For all buildings, hot water heater temperatures should be maintained above 140°F and hot water temperature to distal points (point of connection to a fixture such as faucet, showerhead, or thermal mixing valve that blends hot and cold water right before reaching the tap) should exceed 131°F. Maintaining water temperature outside Legionella’s preferred growth range is the main control strategy, proved successful by multiple field studies. These temperature requirements could be codified by changing building and plumbing codes or by modifying the Centers for Medicare and Medicaid Services (CMS) memo affecting healthcare facilities.

All public buildings such as hotels, businesses, schools, apartments, and government buildings should be required to have a water management plan. ASHRAE 188, AIHA (2015), and other guidance documents are available to help create a water management plan. Ideally, this requirement would be codified by either local jurisdictions with authority (such as building inspectors) or state authorities (such as departments of environmental protection or health). Once codified, this requirement could be enforced by insurance companies; i.e., without a water management plan, a building would not qualify for insurance.

Low-flow fixtures should not be allowed in hospitals and long-term care facilities, due to these buildings’ high-risk occupant populations. Low-flow fixtures have been promoted to conserve water and sometimes energy, but these fixtures increase water stagnation and reduce disinfectant levels, presenting a greater risk for Legionella.

Criteria for certifying green buildings and energy and water conserving features should be modified to take into account risk factors for growth of Legionella in building water systems. Green buildings have exacerbated problems with Legionella by lowering hot water temperatures and by lengthening the amount of time water sits in pipes, which leads to a decrease in disinfectant and associated biofilm growth. Water conservation can still be potentially achieved while protecting health if the water is more deliberately managed to prevent stagnation (e.g., through routine flushing of a target fraction of the water use.)

Cooling towers should be registered and monitored. Building- and industrial-scale cooling towers—which remove heat from recirculating water used in water-cooled chillers, heat pumps, and other HVAC equipment—have been implicated in many Legionnaires’ outbreaks. These towers may generate bacteria-laden aerosols that drift away from the facility and are inhaled by people in the building or by passersby. Cooling tower registries allow for rapid public health response to clusters of Legionella cases, including timely remediation of sources of infection.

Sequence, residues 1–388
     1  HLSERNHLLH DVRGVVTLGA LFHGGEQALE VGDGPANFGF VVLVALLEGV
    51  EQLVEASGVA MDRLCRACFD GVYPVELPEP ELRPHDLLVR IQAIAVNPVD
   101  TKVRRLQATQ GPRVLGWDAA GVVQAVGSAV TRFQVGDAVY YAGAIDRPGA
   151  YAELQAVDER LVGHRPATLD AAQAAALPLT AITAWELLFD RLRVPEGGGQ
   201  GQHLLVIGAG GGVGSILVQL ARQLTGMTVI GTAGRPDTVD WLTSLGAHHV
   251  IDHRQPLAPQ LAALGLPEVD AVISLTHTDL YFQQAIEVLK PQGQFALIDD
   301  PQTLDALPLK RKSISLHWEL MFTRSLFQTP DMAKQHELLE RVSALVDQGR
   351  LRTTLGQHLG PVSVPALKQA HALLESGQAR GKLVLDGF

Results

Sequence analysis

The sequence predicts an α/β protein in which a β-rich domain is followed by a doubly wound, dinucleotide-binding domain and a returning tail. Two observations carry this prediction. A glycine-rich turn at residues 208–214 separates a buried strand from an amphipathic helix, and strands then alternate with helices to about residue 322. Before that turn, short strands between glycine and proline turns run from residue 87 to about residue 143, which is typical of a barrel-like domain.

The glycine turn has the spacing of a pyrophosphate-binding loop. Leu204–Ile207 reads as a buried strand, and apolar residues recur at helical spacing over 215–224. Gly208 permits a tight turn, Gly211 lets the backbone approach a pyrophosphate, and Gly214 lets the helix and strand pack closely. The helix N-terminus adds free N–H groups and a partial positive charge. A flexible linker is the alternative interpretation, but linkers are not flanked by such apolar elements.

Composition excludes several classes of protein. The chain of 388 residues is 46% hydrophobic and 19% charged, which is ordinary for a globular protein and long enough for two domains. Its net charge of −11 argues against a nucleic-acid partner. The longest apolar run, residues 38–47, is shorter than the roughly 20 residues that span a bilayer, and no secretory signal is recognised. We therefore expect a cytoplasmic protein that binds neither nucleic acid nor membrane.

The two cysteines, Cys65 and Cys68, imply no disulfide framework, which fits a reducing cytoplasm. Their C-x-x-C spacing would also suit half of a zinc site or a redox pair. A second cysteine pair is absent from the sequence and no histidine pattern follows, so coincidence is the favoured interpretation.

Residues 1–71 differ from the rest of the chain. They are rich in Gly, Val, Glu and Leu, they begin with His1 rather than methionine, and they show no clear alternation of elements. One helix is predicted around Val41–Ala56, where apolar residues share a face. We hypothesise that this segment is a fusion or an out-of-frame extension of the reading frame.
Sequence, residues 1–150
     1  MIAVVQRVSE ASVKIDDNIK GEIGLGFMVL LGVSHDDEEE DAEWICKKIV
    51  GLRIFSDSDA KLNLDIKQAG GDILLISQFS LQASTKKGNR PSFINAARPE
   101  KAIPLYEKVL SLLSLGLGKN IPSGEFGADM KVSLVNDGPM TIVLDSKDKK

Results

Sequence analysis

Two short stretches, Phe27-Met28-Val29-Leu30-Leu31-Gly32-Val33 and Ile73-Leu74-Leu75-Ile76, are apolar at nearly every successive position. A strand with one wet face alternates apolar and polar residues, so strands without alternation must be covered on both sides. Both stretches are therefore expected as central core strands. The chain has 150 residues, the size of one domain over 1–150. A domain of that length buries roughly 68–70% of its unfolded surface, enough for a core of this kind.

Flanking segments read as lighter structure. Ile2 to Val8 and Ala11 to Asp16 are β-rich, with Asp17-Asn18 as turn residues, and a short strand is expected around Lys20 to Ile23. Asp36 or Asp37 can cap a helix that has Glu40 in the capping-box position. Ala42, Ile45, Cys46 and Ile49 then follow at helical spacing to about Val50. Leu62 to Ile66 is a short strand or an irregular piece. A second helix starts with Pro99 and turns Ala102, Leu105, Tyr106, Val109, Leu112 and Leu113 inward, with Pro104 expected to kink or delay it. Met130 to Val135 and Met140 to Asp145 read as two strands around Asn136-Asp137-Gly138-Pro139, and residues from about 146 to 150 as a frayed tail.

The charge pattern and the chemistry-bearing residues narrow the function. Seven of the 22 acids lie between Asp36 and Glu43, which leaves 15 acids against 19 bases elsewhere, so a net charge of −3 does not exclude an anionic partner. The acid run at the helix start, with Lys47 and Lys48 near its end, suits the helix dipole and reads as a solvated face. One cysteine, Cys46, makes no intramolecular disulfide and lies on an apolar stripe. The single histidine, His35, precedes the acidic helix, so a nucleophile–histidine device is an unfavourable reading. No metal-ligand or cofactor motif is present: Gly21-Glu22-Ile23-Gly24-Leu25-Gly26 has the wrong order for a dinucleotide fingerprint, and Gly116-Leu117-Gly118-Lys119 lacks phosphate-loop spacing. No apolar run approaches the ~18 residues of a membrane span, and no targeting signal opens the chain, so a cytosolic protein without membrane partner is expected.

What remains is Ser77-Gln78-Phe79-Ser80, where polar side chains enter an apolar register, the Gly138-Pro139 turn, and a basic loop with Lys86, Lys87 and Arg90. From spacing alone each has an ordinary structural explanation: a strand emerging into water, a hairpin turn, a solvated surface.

A minimum disinfectant level should be required throughout public water systems, along with monitoring for Legionella. EPA should require a minimum level of disinfectant in public water systems and validate that the treatment is working by routine monitoring for Legionella. Monitoring could focus on warm-water conditions and be triggered when water temperatures consistently exceed 68°F (20°C).

In addition, the report asserts education is needed for those designing water systems, overseeing municipal water supplies, and developing and implementing plumbing codes, as well as for those in government. And well-funded studies in multiple jurisdictions could determine the most common sources of sporadic Legionnaires’ disease, critical to reducing the rising rates observed over the last 20 years.

The study, undertaken by the Committee on Management of Legionella in Water Systems, was sponsored by the Centers for Disease Control and Prevention, U.S. Department of Veterans Affairs, U.S. Environmental Protection Agency, and the Alfred P. Sloan Foundation. The National Academies (www.nationalacademies.org) are private, nonprofit institutions that provide independent, objective analysis and advice related to science, technology, and medicine. A four-page consensus study report focused on report highlights can be downloaded here.